Once again, our seniors show excellence and character
“College is a singular opportunity to rummage through and luxuriate in ideas, to give your brain a vigorous workout and your soul a thorough investigation, to realize how very large the world is and to contemplate your desired place in it.
This past Monday, the members of the Class of 2021 shared exciting news at the Annual College Announcement Day. Sporting T-shirts from the college of their choice, they paraded through campus cheered on by their schoolmates, faculty and staff. They then entered the gym for a sit-down lunch. Each senior announced where they will matriculate next year and a fun fact about their new school. Family members attended via livestream. This program commences the month-long process for twelfth graders of ending their time in high school and beginning their transition to college. It’s a bittersweet time as we wish the students the very best while knowing that we will miss them next year.
It would be an understatement to say that the college search process can be stressful. Beginning in the junior year, students and families research schools in earnest while balancing a variety of factors, including specific programs, parts of the country, institutional size, and cost.
Having taught seniors since 1989, I thought I understood how anxiety-ridden the college application process can be. However, when our sons, my wife, and I went through it years ago, I gained a much deeper comprehension than previously. The push and pull between children and parents, the maelstrom of emotions, and the number of factors entering the application and decision process can make it unbearable at times. Fortunately for Keystone families, Directors of College Counseling Sara Christiansen does a magnificent job of guiding students to find the right school.
As confounding as the process can be in a normal year, the pandemic of the past year rendered the college search all the more challenging. I asked Ms. Christiansen what in particular made this past year all the more difficult, and she cited several factors. They include:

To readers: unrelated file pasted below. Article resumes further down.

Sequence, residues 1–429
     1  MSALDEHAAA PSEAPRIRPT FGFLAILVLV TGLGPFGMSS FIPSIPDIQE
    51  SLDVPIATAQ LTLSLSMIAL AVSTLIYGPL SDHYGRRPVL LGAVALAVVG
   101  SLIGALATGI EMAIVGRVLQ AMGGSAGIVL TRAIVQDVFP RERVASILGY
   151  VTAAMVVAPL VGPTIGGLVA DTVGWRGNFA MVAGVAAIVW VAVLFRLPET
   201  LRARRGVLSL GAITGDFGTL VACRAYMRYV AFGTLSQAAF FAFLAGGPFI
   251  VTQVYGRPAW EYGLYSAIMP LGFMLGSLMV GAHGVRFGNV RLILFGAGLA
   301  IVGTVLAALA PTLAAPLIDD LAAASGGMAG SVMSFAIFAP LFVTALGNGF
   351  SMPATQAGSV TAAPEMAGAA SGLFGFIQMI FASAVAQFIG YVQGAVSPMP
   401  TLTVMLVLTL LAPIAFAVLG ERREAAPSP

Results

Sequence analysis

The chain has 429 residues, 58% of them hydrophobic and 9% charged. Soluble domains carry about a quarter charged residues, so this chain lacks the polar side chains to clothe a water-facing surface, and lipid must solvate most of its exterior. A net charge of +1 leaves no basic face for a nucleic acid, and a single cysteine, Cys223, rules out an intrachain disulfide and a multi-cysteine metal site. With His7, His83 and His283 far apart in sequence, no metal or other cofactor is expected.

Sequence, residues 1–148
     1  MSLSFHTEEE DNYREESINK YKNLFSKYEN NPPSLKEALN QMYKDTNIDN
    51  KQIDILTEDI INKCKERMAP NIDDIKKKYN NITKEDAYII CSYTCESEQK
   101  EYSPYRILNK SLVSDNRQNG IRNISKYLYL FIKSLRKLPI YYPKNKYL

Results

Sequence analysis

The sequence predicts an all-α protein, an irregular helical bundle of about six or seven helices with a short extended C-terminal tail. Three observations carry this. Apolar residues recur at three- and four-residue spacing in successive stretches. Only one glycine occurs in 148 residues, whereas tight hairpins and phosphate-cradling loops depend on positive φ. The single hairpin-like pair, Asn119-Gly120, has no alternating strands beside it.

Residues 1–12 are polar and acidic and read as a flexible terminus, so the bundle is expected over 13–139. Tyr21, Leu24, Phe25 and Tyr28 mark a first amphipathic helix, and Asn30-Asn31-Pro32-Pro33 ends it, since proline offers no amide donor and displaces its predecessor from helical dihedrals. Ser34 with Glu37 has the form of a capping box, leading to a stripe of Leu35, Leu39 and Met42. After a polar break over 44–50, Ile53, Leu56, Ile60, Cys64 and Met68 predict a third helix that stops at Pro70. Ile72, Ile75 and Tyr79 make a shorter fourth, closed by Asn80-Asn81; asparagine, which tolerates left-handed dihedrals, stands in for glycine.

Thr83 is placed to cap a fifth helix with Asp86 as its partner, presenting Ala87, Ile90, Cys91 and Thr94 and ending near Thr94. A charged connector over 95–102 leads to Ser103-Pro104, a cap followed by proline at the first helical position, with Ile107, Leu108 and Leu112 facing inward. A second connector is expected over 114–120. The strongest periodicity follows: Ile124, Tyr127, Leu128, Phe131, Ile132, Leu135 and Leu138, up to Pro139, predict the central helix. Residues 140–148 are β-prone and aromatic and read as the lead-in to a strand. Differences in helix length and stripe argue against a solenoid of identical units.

- The most selective schools saw an incredible surge of applications (42% increase at Harvard, 66% increase at MIT, and 102% increase at Colgate). The Ivy League and some Ivy-like schools were so overwhelmed by applications that they pushed back the notification and decision dates.
- Nearly all colleges moved to test-optional and colleges saw a range between 40-60% of applicants who did not submit test scores.
- The pandemic hit at the exact time juniors start visiting colleges and many colleges still remain closed to visitors. This means many students in the Class of 2021 have not set foot on any of the colleges on their list nor were they able to visit to make a final decision.
- Extracurriculars were cancelled for many students, including the international science fair, ISEF, which often creates a high school highlight for Keystone students. Students from across the country and world were applying without the traditional extracurricular opportunities to show engagement and leadership and without opportunities to test or retest as they would in a normal year.
In the face of these complexities, the Keystone Class of 2021 performed beautifully. They will attend a variety of schools reflecting the diversity of their class. Their chosen colleges/universities span the country from the West to the East Coast and North to South; some will attend smaller liberal arts schools while others are headed to large state research institutions. Some Cobras will study the arts while others plan to major in STEM-related fields. As with year’s past, these excellent seniors have received attractive merit-based scholarships that will reduce their families’ out-of-pocket costs. They all deserve our warmest congratulations.
In addition to their being accepted to outstanding colleges and universities, we can take pride in the way they progressed through the college application process with integrity and honor. The new Netflix movie “Operation Varsity Blues: The College Admissions Scandal,” which details the fraudulent behavior of a college admissions counselor, his clients, and many universities, brought home yet again the lengths to which people will go to get their children into schools for which they are unqualified. The movie, including gut-wrenching dialogue directly from FBI wiretaps, disgusted and appalled everyone I knew who watched it. Yes, we want the very best for our children, but at what cost?
As I said to the seniors at College Announcement Day, we’re proud of what they accomplished and where they are headed for college. We are also proud of who they are and the ethical behavior they and their families demonstrate. We can feel sanguine that the members of the Class of 2021 will take a commitment to academic excellence, ethical growth, community involvement, and responsible leadership to college and beyond. We are proud of our young adults, and these colleges and universities are fortunate indeed to have them.